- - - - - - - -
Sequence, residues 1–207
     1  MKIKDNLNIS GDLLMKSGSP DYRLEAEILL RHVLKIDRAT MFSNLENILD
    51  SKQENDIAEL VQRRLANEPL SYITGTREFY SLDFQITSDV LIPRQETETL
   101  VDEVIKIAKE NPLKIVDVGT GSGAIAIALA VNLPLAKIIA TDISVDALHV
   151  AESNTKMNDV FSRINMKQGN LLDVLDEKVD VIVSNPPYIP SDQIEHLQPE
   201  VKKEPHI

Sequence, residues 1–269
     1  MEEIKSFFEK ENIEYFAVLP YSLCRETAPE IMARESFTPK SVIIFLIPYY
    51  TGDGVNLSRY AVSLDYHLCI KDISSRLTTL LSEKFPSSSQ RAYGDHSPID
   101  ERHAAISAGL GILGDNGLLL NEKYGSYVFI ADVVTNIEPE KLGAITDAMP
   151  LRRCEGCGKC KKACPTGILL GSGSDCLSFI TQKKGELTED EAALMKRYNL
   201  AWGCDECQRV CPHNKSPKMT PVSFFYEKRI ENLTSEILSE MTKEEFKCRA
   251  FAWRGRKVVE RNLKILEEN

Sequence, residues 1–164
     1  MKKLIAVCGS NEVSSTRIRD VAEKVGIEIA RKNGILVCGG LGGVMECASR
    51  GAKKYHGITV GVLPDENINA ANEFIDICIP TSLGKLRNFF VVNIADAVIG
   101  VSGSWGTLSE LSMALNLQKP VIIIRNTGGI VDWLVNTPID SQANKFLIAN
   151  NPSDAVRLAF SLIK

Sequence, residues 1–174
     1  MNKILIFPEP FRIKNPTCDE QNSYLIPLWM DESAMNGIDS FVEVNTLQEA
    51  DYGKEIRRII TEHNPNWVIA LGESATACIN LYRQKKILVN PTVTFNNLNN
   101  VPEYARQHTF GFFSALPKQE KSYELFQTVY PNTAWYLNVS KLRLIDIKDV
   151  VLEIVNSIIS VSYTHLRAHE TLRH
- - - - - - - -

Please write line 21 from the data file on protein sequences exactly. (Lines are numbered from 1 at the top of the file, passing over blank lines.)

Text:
    51  DYGKEIRRII TEHNPNWVIA LGESATACIN LYRQKKILVN PTVTFNNLNN